Historians have concluded that during the blight, Ireland continued to export large quantities of food, mainly to Great Britain. A study suggests that exports of butter and livestock may have increased during the Irish Famine. In 1847, commodities, such as rabbits, honey, fish, beans, and peas also continued to be exported from Ireland even if it was ravaged by Great Hunger. It was until 1852 that the potato crops fully recovered but by then, the damage was done. People perished and about a million emigrated to escape starvation and poverty. In recent years, some cities in the US, Canada, Ireland, Great Britain, and Australia erected Irish hunger memorials.
Signs and symptoms of late blight
The University of Minnesota Extension, which was not involved in the study, has identified the signs and symptoms of blight. It includes large, dark brown blotches in the leaves of potato with a green-gray edge. The blotches are not confined by major leaf veins. The infections progress through petioles and leaflets, resulting in large sections of dry brown foliage. Stem infections are dark brown and firm with a rounded edge.
Another sign of blight is that in high humidity, thin powdery white fungal growth appears on infected stems, fruit, and leaves. If left unmanaged, the disease can potentially destroy an entire field in a short time. As part of cultural control, the University suggests destroying the potato cull piles before the start of the growing season. This is done by burying, incorporating, or spreading them into the fields or feeding them into animals. It is also important to control volunteer potato plants because infected plants can grow from the infected tubers. Under wet and cool conditions, the P. infestans can infect potatoes and produce thousands of sporangia per lesion in less than five days, it added.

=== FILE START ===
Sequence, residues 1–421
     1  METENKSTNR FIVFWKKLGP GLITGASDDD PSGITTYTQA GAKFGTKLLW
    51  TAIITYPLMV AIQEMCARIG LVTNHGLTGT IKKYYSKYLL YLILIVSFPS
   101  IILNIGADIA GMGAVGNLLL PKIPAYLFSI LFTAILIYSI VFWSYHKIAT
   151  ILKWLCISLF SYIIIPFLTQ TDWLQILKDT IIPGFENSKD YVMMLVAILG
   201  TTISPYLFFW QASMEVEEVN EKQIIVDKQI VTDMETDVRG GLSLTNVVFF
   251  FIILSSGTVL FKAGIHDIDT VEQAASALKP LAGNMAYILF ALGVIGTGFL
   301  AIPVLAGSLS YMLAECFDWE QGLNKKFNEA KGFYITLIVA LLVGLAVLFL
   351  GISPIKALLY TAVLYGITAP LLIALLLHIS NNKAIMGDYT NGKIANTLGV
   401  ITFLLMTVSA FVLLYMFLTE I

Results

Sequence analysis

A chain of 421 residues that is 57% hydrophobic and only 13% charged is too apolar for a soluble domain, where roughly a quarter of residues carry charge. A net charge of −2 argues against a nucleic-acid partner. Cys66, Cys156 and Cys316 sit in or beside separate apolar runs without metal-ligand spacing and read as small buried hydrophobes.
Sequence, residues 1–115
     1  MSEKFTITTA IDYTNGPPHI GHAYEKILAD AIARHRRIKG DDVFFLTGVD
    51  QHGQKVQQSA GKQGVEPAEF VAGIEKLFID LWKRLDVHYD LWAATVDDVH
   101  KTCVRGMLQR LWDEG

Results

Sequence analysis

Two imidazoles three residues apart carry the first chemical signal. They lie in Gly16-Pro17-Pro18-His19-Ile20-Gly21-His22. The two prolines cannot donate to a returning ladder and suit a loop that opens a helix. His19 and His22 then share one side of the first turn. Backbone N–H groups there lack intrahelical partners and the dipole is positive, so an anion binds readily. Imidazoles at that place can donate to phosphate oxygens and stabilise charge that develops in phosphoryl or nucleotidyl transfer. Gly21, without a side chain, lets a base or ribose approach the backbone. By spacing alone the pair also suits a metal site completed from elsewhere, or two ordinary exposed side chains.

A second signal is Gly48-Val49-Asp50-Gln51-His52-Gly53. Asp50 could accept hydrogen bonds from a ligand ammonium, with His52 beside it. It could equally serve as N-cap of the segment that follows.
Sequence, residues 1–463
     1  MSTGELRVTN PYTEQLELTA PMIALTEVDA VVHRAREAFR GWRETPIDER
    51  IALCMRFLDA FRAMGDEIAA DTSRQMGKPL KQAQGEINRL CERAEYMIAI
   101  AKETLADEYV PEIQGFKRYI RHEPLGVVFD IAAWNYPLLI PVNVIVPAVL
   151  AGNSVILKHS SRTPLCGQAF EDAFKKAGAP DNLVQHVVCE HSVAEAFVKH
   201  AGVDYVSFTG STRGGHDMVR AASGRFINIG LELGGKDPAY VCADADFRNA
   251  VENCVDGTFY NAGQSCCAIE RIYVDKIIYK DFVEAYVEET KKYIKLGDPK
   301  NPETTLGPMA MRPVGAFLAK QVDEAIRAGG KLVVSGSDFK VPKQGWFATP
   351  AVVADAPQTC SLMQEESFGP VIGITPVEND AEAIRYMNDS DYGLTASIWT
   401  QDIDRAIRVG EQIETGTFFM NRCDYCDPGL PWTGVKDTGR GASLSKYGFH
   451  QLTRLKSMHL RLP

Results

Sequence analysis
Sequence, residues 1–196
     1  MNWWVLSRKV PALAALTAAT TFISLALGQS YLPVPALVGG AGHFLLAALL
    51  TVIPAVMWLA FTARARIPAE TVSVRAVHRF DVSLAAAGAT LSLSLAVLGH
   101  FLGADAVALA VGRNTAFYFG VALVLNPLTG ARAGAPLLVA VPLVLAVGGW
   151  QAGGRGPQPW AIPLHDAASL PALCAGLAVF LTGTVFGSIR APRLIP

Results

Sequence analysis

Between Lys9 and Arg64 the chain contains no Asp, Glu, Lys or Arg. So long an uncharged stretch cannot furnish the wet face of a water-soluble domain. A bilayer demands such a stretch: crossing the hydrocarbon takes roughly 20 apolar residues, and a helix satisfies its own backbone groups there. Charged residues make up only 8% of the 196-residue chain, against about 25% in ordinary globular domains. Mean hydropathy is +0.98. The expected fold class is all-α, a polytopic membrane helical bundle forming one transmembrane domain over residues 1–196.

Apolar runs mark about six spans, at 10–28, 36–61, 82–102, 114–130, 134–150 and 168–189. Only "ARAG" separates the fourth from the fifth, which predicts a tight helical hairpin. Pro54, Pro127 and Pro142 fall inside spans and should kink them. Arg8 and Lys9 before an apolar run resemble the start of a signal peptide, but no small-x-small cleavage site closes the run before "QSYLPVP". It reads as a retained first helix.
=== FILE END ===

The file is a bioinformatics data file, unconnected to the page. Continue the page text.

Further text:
If the infection is observed only in a few plants within a field, infected plants need to be disced-under, removed, and killed with flame or herbicide to avoid spreading through the field. Some growers have also used chemical control.
Today, potato is still an important global cash crop and food. Based on a comparison of 154 countries in 2017, investment management firm Helgi Analytics found that China eats the most potatoes 61,980 metric kiloton (kt), followed by India, USA, Russia, Bangladesh, UK, Ukraine, Germany, Iran, Poland, and Turkey.
Another plant pathogenic virus that affects potato production is the Potato virus Y. Potato plants infected with potato virus Y may show several symptoms, depending on the potato variety. Studies have shown that some strains of the potato virus Y can cause necrotic symptoms in tubers. An example strain would be the PVYN. The letter N stands for necrotic. The potato leafroll virus can also cause foliar symptoms. It causes the leaves of the potato to become chlorotic and pale. Some potato varieties are more susceptible than others and some may be infected without showing symptoms.
For all potato growers, planting disease-free potato seed is important, no matter the size of the acreage. The recent findings of the novel resistance genes in potato can be of tremendous help to growers for successful plant breeding.